Krokodili
(c) https://github.com/Ranks/emojione/graphs/contributors – eldonisto Eugenio Hansen, OFS, CC BY-SA 4.0, https://commons.wikimedia.org/w/index.php?curid=55556627

 

As the evening wears on, I get sucked in more and more into Setz` funny Esperanto world. Till at one point, I ask myself the question: Do I have to like everything my favourite author likes? After all, my heart is still barely invested Haruki Murakami`s work – an author that Setz holds in high regard and even has held a laudatory speech for at the awarding of the ZEIT Literaturpreis. I had only gotten through the first 100 pages of Kafka On The Shore – the permanent focus on details of the outside world without a feedback to the inner state of mind, the often stale metaphors had made it unrewarding for me to continue reading.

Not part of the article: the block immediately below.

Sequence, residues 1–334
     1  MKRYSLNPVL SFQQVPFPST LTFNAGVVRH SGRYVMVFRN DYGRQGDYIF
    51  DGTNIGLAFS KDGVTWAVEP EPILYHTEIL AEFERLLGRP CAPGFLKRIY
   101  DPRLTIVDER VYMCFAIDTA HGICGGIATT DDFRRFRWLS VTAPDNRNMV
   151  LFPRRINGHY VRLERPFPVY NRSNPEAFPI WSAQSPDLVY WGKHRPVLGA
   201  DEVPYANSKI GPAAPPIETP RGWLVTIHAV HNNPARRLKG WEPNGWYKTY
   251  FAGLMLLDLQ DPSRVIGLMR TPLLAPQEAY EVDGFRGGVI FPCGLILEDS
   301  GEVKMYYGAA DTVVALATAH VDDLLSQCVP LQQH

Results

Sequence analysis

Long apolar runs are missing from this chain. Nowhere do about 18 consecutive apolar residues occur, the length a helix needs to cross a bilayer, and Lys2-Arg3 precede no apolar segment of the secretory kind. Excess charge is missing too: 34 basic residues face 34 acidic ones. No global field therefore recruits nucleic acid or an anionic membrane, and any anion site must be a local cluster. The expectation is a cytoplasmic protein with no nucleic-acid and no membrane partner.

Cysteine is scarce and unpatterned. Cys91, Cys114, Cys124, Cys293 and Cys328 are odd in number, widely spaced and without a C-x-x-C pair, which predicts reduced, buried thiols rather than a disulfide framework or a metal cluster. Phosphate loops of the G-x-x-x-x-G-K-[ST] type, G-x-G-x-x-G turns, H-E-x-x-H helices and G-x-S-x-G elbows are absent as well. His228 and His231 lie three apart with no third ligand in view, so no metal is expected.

And yet, when I read Setz` laudatory speech on the Internet, the way he describes Murakami`s fictional world, I could not help but feel a certain fascination for the Japanese author. Setz depicts Hard-Boiled Wonderland as a fantastic realm, where Black Mirror and fairytales including unicorns and dark shadows coalesce. Even the way he interprets Kafka On The Shore – the whole narrative is, according to his interpretation, playing inside of Ms Saeki`s song who “projects her memories like a foil over reality” – should be bound to make me crave for that novel. Hell, everything seems to be there: A bit of exoticism, a bit of fucking with the consciousness and a whole lot of Twin Peaks-obliqueness.